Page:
For the history enthusiasts and locals, there is not only the chance to see rare archive documents relating to the church and the village, and to have a guided tour of the church, but also the Beridge legacy silver - a communion cup that dates back to the time of Shakespeare, and a Georgian pitcher and collection plate - will be on show. But the organisers are hoping that people won't just be bringing themselves…

"We are hoping that people will bring along old photos and documents that relate to Algarkirk's church and village. It may be that someone in the family was married or christened there, and the photos are still in the family. It could be something from the old school, or farming memorabilia. No matter what, we would love to see it! We shall have a scanner set up in the village hall, and with the permission of the owners, we will take copies for our archives," explained Madeleine Fox, leader of the History Group.

"And it doesn't matter if you don't have a physical object to bring in," added Di Reid, leader of the Algarkirk Major Project Group (AMPG). "We are after people's memories too! As part of our 'oral history' programme, we would really like to chat with people who grew up in the area, and perhaps, later, record some of those memories for posterity."

Although the AMPG are expecting most of the contributions to come from the local area, one little book of memories is already on its way from Kawerau, New Zealand, where a former Algarkirk school teacher, Anne Blakely, now lives.

Anne said (via the Algarkirk Facebook page: "I would love to be there but I have lived in New Zealand since the mid-fifties…. I did write a little booklet about teaching there: teaching is so different now… I hope the booklet gets there in time!"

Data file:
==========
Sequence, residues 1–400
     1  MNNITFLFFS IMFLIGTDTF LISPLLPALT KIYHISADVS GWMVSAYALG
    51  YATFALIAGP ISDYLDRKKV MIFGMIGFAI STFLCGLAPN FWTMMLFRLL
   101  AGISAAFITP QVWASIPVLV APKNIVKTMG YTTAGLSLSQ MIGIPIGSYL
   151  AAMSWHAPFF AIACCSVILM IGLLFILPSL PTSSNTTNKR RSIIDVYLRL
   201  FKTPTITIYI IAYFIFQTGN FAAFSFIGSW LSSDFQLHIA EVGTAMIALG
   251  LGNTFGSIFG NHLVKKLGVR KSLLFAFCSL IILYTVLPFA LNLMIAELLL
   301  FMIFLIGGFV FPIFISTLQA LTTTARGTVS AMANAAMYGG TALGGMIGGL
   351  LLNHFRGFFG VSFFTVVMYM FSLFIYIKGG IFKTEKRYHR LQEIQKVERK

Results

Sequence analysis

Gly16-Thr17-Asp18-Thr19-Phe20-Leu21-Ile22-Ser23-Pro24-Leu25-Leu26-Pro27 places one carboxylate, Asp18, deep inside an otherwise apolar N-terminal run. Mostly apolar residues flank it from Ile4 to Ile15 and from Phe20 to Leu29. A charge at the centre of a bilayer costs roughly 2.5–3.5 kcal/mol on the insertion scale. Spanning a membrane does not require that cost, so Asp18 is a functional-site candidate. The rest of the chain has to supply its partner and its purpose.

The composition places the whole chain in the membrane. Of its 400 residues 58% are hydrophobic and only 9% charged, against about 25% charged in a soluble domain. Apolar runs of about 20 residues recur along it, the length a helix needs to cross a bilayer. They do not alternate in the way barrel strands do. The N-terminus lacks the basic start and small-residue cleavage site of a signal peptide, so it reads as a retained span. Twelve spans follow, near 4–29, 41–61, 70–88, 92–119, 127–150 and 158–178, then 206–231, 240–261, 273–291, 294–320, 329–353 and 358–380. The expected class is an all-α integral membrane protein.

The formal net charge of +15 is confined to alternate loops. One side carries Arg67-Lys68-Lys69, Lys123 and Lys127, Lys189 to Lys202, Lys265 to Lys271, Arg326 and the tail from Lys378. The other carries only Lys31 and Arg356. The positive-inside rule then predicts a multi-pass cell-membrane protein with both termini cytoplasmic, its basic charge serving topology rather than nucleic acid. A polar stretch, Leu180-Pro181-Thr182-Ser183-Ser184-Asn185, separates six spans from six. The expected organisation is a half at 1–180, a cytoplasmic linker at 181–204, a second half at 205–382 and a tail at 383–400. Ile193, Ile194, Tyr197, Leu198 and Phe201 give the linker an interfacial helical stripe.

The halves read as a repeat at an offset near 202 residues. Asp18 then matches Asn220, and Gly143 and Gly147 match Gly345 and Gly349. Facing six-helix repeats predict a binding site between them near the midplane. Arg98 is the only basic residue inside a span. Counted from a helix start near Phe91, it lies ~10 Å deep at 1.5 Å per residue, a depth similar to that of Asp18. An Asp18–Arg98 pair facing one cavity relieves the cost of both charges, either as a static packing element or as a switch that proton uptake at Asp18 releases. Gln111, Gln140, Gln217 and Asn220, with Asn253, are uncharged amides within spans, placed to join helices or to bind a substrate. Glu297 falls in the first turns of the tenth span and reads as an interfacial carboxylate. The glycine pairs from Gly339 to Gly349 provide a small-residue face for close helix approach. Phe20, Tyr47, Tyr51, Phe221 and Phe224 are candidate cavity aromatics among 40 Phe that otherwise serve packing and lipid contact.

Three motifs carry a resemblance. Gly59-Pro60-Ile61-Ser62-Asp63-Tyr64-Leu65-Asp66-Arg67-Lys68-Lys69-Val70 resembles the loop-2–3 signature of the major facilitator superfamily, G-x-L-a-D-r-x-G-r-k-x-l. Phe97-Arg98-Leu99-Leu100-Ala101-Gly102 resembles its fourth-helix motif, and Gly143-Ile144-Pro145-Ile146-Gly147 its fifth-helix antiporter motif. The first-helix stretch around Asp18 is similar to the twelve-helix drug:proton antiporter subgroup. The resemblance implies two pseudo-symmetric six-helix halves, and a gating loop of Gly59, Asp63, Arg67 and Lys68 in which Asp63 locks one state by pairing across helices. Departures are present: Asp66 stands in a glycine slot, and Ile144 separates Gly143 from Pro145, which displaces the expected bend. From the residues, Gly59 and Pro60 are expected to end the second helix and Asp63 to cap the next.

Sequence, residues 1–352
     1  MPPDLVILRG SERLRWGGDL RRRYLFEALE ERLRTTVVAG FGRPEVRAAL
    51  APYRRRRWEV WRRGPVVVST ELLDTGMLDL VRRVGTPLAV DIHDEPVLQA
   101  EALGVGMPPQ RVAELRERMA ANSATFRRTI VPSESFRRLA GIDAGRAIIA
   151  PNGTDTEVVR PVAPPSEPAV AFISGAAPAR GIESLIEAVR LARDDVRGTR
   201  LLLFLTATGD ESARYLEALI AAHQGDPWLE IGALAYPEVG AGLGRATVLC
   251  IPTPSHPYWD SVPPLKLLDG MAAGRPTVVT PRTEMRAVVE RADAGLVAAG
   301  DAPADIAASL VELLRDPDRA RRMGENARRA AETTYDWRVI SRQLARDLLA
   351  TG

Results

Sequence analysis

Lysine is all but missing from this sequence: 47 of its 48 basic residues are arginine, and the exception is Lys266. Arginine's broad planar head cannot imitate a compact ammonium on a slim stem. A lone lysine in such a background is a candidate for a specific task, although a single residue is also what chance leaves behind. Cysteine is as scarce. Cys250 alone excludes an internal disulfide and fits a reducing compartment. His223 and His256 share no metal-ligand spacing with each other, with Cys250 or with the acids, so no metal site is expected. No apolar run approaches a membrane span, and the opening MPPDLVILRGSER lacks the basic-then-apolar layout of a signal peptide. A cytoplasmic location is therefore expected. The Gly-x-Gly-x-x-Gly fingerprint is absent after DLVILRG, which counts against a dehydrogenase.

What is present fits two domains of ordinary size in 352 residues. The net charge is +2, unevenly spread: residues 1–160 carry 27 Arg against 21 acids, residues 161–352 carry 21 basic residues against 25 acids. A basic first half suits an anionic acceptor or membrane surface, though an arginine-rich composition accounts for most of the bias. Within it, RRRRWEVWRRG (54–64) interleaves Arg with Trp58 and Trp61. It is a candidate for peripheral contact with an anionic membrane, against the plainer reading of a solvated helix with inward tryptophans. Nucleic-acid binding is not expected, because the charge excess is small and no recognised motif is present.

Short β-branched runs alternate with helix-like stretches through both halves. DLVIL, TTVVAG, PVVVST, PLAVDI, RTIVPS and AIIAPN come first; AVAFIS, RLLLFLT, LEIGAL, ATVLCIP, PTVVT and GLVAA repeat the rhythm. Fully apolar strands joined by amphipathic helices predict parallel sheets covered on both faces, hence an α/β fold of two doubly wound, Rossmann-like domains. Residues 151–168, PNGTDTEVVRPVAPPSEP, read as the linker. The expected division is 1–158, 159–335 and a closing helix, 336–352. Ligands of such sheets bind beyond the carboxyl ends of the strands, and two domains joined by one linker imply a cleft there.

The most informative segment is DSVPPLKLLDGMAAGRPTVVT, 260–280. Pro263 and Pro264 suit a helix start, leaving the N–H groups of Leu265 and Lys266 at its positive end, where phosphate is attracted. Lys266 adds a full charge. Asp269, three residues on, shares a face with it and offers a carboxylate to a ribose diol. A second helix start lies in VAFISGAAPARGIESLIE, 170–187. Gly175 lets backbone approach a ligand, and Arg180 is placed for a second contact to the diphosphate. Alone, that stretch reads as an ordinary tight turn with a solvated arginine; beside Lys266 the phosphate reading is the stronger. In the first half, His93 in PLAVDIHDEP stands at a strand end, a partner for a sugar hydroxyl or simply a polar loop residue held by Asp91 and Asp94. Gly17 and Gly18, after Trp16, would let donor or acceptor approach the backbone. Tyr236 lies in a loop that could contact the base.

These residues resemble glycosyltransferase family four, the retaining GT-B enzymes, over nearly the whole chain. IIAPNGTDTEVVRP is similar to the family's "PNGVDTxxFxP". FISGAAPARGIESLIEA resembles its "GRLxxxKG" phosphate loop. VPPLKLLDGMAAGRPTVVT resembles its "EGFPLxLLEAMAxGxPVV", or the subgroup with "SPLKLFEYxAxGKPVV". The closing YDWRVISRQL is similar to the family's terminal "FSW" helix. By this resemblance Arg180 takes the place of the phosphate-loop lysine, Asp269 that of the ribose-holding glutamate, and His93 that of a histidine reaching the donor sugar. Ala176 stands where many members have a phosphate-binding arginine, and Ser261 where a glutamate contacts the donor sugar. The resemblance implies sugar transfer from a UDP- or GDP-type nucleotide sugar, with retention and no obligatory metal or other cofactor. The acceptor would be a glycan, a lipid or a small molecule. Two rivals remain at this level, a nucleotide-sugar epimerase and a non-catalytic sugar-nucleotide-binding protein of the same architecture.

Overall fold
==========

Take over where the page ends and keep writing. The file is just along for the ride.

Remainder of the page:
The Rt. Rev’d Dr Nicholas Alan Chamberlain, who was ordained as Suffragan Bishop of Grantham in November last year, will be the preacher at a deanery-wide Rogation Service on Sunday, 1 May at 6pm at St Peter and St Paul’s, Algarkirk for.  He will also be joined by the Rural Dean, Fr Paul Noble who will officiate.

Rogation is an ancient ceremony whose beginnings can be traced back to Roman times when a dog was sacrificed to win the favour of Robigus, the god of agricultural disease. The supplicants then asked the god for protection of their crops from wheat rust.  This years’ service will take the form of evensong at which prayers for all the farms and crops of the area will be offered, after which the Bishop will be led in procession through the village to a nearby field which he will bless.

The service will be followed by refreshments in the village hall.

Churchwarden, Cheryllyn Humphreys said: “After years of struggling to cope with the effects of lead theft and vandalism, disruptive repairs, the threat of closure, and the loss of our vicar, St Peter and St Paul’s has really turned a corner. Not only are we in the process of preparing a bid for second stage Heritage Lottery Funding which will allow us to conserve this beautiful building, but we now have plans for its re-adaptation. So in addition to being a place of worship, it will also become a place of regular use for the community. Now to have the deanery and the Bishop show their support for Algarkirk in this way, by choosing to come here for this special service, is a great honour and a real boost to morale! It will be something for the villagers to remember for years to come.” 

Fellow churchwarden, Clive Briggs added: “Living in an agricultural area, this service has real meaning for the local people. We hope that a good number of the local farming community join us, to add their names to the farms we shall be praying for.”